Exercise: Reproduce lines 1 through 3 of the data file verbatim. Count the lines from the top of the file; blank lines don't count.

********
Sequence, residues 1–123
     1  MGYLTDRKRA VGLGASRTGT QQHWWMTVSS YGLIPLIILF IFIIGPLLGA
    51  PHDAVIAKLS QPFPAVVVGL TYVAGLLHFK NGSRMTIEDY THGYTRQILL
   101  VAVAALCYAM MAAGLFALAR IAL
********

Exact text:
Sequence, residues 1–123
     1  MGYLTDRKRA VGLGASRTGT QQHWWMTVSS YGLIPLIILF IFIIGPLLGA
    51  PHDAVIAKLS QPFPAVVVGL TYVAGLLHFK NGSRMTIEDY THGYTRQILL